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How well equipped are companies for the future?

Digitalization is one of the biggest and fastest change processes that has been set in motion in decades. Just as CDs replaced records and cassette tapes, new technologies like social media, mobile, big data and the cloud are changing customer behaviour and expectations and forcing companies to modernize existing business models and processes. Only those companies that adapt to the shifting technological and social conditions and keep up with their competitors have long-term chances of survival. Ultimately the competitiveness individual companies and thus of entire economies depends on digital maturity.

With its “Digital Readiness Index” the German business magazine WirtschaftsWoche recently worked together with Karl-Heinz Land from Neuland consultancy to highlight this topic. The index measures the readiness of 233 German companies for the digital age for the first time. The results show that digitally healthy companies have a higher turnover, a better yield and a higher value. But whereas the automotive industry has largely aligned itself with its customers by implementing digital processes, other industries such as pharmaceuticals and the public sector have a lot of catching up to do.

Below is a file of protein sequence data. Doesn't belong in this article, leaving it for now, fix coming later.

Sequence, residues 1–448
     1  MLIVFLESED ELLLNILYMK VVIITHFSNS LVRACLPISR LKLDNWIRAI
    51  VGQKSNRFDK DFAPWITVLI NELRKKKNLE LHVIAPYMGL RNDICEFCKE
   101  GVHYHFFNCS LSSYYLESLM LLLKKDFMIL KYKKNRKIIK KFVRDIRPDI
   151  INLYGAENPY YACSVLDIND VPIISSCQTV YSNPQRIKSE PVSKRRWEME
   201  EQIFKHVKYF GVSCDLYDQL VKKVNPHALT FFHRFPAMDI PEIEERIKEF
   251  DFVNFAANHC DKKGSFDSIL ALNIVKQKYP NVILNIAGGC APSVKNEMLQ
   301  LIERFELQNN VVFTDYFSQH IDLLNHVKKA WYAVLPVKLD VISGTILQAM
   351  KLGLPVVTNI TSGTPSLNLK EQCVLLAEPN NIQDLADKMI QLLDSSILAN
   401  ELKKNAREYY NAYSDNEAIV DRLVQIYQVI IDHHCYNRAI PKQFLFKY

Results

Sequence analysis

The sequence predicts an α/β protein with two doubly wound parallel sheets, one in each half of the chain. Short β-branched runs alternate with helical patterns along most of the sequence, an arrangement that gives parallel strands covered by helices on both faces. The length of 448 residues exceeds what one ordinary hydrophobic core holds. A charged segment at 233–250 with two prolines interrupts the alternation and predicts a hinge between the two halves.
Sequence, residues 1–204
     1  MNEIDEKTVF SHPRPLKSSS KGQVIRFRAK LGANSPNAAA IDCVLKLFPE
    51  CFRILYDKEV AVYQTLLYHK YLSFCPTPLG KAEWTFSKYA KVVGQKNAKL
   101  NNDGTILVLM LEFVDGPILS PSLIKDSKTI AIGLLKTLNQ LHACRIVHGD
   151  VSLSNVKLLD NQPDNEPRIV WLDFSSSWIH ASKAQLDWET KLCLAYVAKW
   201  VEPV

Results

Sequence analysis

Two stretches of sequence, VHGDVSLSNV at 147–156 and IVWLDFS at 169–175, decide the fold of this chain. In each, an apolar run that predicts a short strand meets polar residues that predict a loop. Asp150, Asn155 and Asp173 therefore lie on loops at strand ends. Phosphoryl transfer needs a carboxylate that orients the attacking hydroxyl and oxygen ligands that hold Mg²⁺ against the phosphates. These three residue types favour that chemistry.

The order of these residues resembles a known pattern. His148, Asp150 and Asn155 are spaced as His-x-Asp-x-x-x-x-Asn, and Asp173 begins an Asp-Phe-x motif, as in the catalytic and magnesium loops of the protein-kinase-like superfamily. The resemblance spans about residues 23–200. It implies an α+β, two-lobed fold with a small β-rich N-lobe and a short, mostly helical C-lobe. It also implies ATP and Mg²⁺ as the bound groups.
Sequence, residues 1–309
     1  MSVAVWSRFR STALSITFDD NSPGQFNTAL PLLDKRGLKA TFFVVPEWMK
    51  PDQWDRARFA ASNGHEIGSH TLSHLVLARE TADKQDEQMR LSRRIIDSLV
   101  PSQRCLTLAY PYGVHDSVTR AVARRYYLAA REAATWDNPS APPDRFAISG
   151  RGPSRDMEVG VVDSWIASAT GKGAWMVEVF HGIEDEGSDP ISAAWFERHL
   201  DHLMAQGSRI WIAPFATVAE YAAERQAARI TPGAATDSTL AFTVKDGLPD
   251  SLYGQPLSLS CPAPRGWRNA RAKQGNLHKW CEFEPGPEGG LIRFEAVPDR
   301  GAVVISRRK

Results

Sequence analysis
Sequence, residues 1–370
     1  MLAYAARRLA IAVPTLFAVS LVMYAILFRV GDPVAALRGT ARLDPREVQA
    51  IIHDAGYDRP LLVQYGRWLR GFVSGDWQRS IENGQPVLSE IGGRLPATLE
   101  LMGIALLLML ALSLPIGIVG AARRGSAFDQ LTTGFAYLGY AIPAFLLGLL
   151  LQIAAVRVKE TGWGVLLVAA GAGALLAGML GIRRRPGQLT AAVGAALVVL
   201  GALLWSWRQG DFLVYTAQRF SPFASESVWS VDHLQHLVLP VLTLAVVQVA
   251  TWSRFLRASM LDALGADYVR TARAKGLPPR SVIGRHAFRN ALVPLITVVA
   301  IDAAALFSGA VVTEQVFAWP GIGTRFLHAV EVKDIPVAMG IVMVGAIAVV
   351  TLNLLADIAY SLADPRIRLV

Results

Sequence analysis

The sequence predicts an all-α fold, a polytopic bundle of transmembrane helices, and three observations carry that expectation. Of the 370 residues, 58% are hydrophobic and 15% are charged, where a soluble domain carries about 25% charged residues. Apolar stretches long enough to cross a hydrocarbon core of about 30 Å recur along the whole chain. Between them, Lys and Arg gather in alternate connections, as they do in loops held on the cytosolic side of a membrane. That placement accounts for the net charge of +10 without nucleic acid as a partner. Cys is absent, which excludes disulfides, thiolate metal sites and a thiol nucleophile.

There are plenty of examples of start-ups and large corporations that have transformed entire business models with innovative, digitalized and self-learning products. These range from online mail order solutions that replace catalogue shipping and retail outlets to print-on-demand offerings that replace traditional print shops and flight reservation portals that replace stationary travel agencies. However 90% of the growth that this accounts for is happening outside Europe. The entire continent is lagging behind this revolution, which is why Germany’s Chancellor Angela Merkel recently declared “Industry 4.0” a top priority.

“One of the main reasons for this is the fact that traditional companies are finding it hard to reduce the distance between customers and companies and to promote closer partnerships. Today’s informed and networked customers want genuine dialogue that is prompt and individual. Seeing this as more than just an obligation or a burden can open up entirely new growth opportunities and business models”, as Kai Hattendorf explains. As head of Messe Frankfurt’s Digital Business division, Mr Hattendorf is very familiar with this subject and actively promotes measures to this effect within the company. “Customers are increasingly demanding fast high-quality digital solutions and services, and therefore trade fair organizers have to upgrade the digital infrastructures and technologies of their premises, halls and convention centers on an ongoing basis. Digital products and services in the event environment have become a necessity.”

Companies have to develop a clear digital vision. What is to be achieved? How can projects be quickly set up and implemented? According to facebook pioneer Mark Zuckerberg, “better done than perfect”. It is important to do, to learn and to produce sustainable results in the end. “Time and speed to play a very, very big role here.”

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